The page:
Another fascinating book I read as a child was ‘Nigger at Eton’ by Dillibe Onyeama. I found myself in a British boarding school, dealing with all the issues of race, identity and prejudice. 
I travelled and travelled. In my head. Soon I had a collection of characters in my head. I spoke to them and when I slept, I was lost in their world. How do I tell their stories? I was not very clever or good with words (you have to talk a lot to be good with them, right?). I was always good at sketching. My stick figures were not so bad looking. 
I started with drawing my stories. The central characters were always white. A prince. A princess. A kingdom far far away… I drew complete comic-book stories, sacrificing my exercise books on the altar of my wild imagination. For that, my buttocks became close friends with Mr. Cane. My dad who resembled a fierce wrestler when upset would shout, threaten and eventually flog me relentlessly for destroying my exercise books, but I could not stop. I had visited so many places and its people were all crawling out of my head and taking shape on my exercise books. 
Black characters found their way inside my head after my encounter with African novels. I have to admit that they wandered in almost reluctantly and only after pricks of jealousy. I was jealous that black Africans were writing books. At first, I could not relate with their stories. I did not know rural villages or customs but soon found all these intriguing. Beyond the tales of villages and old ways, I stumbled on contemporary stories by writers like Buchi Emecheta, Cyprian Ekwensi and a handful of others. There was a slow shift of paradigms in my head, a gentle coup d’état and soon the colony of black characters took over.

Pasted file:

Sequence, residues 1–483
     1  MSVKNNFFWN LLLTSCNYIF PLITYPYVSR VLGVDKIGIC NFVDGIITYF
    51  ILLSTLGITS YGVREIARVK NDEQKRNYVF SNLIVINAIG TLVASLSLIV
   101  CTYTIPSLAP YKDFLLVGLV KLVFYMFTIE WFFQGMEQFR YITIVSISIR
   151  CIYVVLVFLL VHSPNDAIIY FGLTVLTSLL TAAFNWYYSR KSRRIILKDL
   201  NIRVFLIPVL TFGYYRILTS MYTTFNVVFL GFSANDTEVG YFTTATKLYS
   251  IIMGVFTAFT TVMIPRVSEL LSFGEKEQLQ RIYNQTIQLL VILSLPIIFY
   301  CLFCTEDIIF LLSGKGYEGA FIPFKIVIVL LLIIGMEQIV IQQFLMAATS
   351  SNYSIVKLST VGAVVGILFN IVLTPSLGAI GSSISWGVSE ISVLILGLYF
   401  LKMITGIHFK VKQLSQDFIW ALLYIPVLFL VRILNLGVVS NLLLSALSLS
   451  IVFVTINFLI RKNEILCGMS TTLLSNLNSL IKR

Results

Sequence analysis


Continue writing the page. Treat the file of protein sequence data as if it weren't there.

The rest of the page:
In high school, I gave up drawing my stories. I found drawing took up more space and if I ran out of notebooks, there was no one there to replace them for me. I believe I wrote my first non-graphical story in high school. Everyone thought I was keeping a diary and one day another student stole my notebook. For two days, I cried. I felt lost, as if a part of me had gone missing. After two days, he returned my book and said; “You are a writer.”

I will never forget those words. 
He loved my stories and made me share it with my friends and other students. I was no genius. I’m sure those stories were riddled with countless mistakes and grammatical errors, but these were things they were willing to overlook (not because they liked me) as long as they found the stories engaging and somewhat relatable. By sharing my stories, I learnt an important lesson: A good writer must first be an expert storyteller. The stories make a writer. 
I wonder now if it was then I knew I would write…write novels that people read and love and hate! I’m not sure. I never really knew that writing would be a thing I would do. 
In my head, I’m still dreaming…

 

Jude Dibia is the author of WALKING WITH SHADOWS, UNBRIDLED & BLACKBIRD.

He lives in Lagos, Nigeria.